Remember that the community is being scrutinized by CEO’s, high educated people from different backgrounds, etc. The fact that most articles can be classified as “very biased” doesn’t give a good signal to real business leaders and Venture Capitalists alike. Most of these people are interested in digital currencies as a whole but are scared off by these subjective articles and the rotten apples in the digital community.
Now not all “news sites” are bad or write subjective articles. I can name a few that have my preference and I can tell you that others, like Venture Capitalist friends of mine, are reading the following sites: Bitcoinist and CryptoArticles. Both sites do contain about 95% of objective articles. Both sites report things and back them up so other people can read them too if they want to. That both sites remain with the facts and do not speculate too much, does show they are on the right track.
I especially liked your article about the pro Bitcoin countries: Belgium. This is an article that shows how a decent article should be written. That is also one of the reasons why we use your site as an information source. We also use other sites, like CoinTelegraph and Coindesk, but we know these sites are subjective. I do not say every single article of Coindesk or Cointelegraph are bad but here is how it goes and how I see it. Day 1: you get seriously good articles that are well written and based on facts. Day 2 is just the same as day 1. However from day 3 onwards you get subjective and very biased “articles” and the quality just plummets to below 0. I could go on and on about the inadequacies of Coindesk and Cointelegraph but I won’t do it. I will give both sites advice: HIRE better writers that have a university background. Claiming that you are a PhD student at Brown university and writing sentences that are 9 lines long does make most academics laugh at you ( especially here in Europe). So I suggest that if you want to hire “journalists” please go the extra mile and do some research. Have they written anything prior about BTC or altcoins? If not ask for a kind of “draft article”.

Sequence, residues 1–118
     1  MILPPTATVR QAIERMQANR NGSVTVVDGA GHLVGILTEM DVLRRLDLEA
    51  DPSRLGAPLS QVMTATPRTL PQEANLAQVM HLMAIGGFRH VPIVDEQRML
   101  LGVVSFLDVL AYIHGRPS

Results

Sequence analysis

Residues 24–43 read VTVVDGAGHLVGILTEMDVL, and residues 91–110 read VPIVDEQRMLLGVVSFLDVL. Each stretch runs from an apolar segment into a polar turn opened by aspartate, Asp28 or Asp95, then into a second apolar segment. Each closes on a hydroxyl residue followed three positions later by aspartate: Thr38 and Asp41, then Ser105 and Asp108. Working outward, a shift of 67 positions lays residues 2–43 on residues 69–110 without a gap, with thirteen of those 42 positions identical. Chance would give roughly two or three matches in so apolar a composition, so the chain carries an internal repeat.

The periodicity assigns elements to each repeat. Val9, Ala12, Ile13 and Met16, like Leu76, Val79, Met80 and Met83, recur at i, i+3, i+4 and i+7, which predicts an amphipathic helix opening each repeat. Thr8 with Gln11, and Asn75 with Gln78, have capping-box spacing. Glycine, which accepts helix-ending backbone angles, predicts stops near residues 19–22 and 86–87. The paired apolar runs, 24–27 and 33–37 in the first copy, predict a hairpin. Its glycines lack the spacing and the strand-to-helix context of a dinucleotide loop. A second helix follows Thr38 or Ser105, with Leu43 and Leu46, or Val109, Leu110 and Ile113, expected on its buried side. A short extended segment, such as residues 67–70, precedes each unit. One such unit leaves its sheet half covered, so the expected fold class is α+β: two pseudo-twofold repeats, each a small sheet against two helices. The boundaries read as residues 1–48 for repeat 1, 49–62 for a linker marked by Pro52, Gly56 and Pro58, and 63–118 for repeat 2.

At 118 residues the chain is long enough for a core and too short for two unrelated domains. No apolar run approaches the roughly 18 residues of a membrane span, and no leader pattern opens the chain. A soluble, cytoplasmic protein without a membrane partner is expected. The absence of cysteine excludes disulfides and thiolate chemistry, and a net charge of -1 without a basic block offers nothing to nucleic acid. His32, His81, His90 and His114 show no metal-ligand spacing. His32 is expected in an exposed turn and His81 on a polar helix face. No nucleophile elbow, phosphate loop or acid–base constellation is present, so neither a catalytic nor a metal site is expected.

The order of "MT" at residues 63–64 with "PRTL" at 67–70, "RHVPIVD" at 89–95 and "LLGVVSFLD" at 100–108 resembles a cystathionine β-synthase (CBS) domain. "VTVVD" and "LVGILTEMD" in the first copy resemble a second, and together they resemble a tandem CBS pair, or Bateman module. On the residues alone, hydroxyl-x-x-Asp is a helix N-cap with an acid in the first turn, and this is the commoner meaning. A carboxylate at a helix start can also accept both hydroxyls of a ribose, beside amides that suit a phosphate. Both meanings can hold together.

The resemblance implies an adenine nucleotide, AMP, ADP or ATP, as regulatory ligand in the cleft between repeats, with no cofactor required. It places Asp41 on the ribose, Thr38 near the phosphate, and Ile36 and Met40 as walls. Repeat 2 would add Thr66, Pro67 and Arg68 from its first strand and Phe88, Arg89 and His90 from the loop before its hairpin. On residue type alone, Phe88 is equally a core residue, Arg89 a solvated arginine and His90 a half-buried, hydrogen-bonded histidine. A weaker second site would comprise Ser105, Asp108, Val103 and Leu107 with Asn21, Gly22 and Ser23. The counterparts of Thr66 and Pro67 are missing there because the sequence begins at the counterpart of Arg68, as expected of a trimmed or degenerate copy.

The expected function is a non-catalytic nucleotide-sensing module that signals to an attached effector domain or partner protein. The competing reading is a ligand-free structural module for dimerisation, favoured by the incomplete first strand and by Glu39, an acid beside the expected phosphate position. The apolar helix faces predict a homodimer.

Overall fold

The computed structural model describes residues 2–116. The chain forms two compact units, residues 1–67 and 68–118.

Furthermore I hope the governments around the world would get a move on about the legislation and regulations for businesses and banks concerning Bitcoin and other crypto. There are such great opportunities out there but if the governments do not work together with the crypto community to create laws and regulations, it will all be for nothing.
Jan: Being a professor gives me a very different perspective than most. Instead of just breaking down things because “I’m a professor, member of the high society and an authority figure” I did some research on the whole digital currency hype. I quite agree with Alysia’s assessment on the news sites.
The first site for news about this “crypto” was Coindesk. I was astounded they call themselves a news site. Even if you ignore the spelling mistakes, bizarre sentences, bad grammar, excessive use of points and other signs, it is immediate apparent that this is just a propaganda site. If these “writers” would have to write articles, papers or theses which I had to correct, I would have failed the whole lot of them. If you can’t write without mistakes you should stay away from writing things. Don’t get me wrong, nobody will fuss over an occasional typo, but if one sentence is 9 lines long, then there is something wrong with your writing style.
If I look at Coindesk’s articles, I do have the distinct feeling that nearly every article has been paid for. As such, these articles are worthless since they have been influenced. I’m also a bit disappointed about this because Coindesk may have been created with good intentions but greed can corrupt much. I dug into this “paying for an article” practise. I found out that prices range from 6 BTC-40BTC. Personally I think the 40 BTC mark is a bit ludicrous and is not correct. However, if we take a general price of 10 BTC for badly written articles and some ads, it is still too much for what a company is receiving, in my opinion.
The second site is Cointelegraph and others like it. All of these sites have a big problem, namely a lack of professional, high educated journalists/writers that can write English. I do have to make some positive comments though (for the Cointelegraph website). I like the drawings but I absolutely HATE the color of the backgrounds. Green, yellow, purple, blue, etc., to a professional this looks like colors that belong on a child’s toy. Still, color can be a good thing if you can implement it successfully. However in its current configuration it is not great or good at all.